Many roads lead to
the Path, but
basically there are only two: reason and practice. To enter by
reason means to realize the essence through instruction and to
believe that all living things share the same true nature, which
isnít apparent because itís shrouded by sensation and delusion.
Those who turn from delusion back to reality, who
walls,í the absence of self and other, the oneness of mortal and
sage, and who remain unmoved even by scriptures are in complete and
unspoken agreement with reason. Without moving, without effort, they
enter, we say, by reason.
To enter by practice refers to
adapting to conditions
First, suffering injustice. When those
who search for the Path encounter adversity, they should think to
themselves, "In Countless ages gone by, Iíve turned from the
essential to the trivial and wandered through all manner of
existence, often angry without cause and guilty of numberless
transgressions. Now, though I do no wrong, Iím punished by my past.
Neither gods nor men can foresee when an evil deed will bear its
fruit. I accept it with an open heart and without complaint of
injustice. The sutras say " when you meet with adversity donít be
upset because it makes sense." With such understanding youíre in
harmony with reason. And by suffering injustice you enter the Path.
Second, adapting to conditions. As
mortals, weíre ruled by conditions, not by ourselves. All the
suffering and joy we experience depend on conditions. If we should
be blessed by some great reward, such as fame or fortune, itís the
fruit of a seed planted by us in the past. When conditions change,
it ends. Why delight In Its existence? But while success and failure
depend on conditions, the mind neither waxes nor wanes. Those who
remain unmoved by the wind of joy silently follow the Path.
Third, seeking nothing. People of this
world are deluded. Theyíre always longing for something-always, in a
word, seeking. But the wise wake up. They choose reason over custom.
They fix their minds on the sublime and let their bodies change with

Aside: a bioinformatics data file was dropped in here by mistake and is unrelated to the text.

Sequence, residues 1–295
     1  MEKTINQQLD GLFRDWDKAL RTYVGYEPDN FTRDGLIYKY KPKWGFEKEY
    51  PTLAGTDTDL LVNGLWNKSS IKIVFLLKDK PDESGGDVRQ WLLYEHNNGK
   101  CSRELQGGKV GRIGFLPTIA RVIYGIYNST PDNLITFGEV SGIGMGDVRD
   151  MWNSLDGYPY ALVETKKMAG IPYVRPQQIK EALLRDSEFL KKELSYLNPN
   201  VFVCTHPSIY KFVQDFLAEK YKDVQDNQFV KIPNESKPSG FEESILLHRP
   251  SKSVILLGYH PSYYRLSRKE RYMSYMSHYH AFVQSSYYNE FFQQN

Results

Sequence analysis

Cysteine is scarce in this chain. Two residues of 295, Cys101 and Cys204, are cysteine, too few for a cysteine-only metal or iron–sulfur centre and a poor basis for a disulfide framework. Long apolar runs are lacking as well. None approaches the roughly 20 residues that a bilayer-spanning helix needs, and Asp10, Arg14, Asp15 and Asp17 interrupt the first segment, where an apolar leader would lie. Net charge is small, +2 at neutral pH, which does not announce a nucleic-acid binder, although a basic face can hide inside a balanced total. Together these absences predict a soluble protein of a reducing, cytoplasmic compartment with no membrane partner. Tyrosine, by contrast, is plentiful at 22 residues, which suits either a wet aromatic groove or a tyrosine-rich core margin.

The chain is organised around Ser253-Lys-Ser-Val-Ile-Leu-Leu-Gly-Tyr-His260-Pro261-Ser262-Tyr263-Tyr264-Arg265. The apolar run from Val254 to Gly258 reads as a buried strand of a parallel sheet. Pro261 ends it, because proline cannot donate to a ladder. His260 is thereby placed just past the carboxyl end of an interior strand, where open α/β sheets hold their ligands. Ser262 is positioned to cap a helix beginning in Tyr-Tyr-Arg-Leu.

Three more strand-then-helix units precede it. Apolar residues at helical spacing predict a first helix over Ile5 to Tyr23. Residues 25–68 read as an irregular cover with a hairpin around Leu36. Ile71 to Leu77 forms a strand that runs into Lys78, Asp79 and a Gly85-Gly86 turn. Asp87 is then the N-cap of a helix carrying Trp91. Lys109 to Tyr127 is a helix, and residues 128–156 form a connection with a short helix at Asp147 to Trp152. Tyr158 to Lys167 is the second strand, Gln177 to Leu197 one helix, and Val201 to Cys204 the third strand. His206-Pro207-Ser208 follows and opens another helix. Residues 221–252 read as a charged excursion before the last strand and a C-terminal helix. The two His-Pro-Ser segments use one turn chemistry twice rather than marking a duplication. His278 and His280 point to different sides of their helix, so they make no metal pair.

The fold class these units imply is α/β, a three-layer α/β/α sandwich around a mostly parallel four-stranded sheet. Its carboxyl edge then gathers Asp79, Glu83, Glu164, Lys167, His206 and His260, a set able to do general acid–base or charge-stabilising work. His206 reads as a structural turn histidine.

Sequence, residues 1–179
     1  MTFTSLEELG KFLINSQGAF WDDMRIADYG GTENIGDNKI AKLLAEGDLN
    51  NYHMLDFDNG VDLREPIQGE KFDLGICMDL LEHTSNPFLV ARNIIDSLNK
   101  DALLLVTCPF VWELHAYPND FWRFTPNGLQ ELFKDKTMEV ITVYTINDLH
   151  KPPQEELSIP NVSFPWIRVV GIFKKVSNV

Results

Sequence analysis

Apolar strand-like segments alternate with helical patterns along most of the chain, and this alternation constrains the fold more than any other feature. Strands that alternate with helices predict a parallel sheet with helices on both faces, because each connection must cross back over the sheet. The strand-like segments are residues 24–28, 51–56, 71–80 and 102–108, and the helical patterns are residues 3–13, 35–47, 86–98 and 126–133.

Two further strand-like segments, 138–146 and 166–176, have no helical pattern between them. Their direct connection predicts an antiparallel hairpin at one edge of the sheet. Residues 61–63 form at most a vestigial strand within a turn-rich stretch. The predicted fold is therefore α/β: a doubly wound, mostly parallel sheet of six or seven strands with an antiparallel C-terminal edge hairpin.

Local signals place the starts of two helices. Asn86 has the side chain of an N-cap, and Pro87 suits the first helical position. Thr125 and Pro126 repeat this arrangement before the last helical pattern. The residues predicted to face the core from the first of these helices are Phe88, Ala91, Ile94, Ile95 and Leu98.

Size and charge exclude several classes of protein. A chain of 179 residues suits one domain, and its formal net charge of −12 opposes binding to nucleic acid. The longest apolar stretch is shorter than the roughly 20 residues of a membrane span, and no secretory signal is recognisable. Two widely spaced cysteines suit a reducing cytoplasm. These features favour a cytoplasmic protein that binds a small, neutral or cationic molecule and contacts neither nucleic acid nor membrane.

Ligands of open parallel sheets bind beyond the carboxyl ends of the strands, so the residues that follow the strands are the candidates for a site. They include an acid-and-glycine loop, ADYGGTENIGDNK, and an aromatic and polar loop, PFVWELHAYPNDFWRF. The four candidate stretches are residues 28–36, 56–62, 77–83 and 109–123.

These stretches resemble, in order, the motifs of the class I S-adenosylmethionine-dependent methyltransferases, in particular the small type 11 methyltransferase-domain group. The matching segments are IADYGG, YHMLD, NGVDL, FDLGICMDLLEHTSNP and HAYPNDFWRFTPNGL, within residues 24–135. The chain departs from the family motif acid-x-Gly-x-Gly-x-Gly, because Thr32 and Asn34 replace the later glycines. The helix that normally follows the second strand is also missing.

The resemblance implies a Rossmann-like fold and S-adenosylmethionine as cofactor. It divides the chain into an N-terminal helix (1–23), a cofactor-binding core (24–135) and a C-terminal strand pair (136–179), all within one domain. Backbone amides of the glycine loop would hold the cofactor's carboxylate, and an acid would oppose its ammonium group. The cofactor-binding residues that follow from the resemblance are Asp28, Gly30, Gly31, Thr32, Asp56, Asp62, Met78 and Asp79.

the seasons. All phenomena are empty. They contain nothing worth
desiring. Calamity forever alternates with Prosperity! To dwell in
the three realms is to dwell in a burning house. To have a body is
to suffer. Does anyone with a body know peace? Those who understand
this detach themselves from all that exists and stop Imagining or
seeking anything. The sutras say, "To seek is to suffer. To seek
nothing is bliss." When you seek nothing, youíre on the Path.
Fourth, practicing the Dharma. The
Dharma is the truth that all natures are pure. By this truth, all
appearances are empty. Defilement and attachment, subject and object
donít exist. The sutras say, "The Dharma includes no being because
itís free from the impurity of being, and the Dharma includes no
self because itís free from the impurity of self." Those wise enough
to believe and understand these truths are bound to practice
according to the Dharma. And since that which is real includes
nothing worth begrudging, they give their body, life, and property
in charity, without regret, without the vanity of giver, gift, or
recipient, and without bias or attachment. And to eliminate impurity
they teach others, but without becoming attached to form. Thus,
through their own practice theyíre able to help others and glorify
the Way of Enlightenment.
And as with charity, they also practice
the other virtues. But while practicing the six virtues to eliminate
delusion, they practice nothing at all. This is whatís meant by
practicing the Dharma.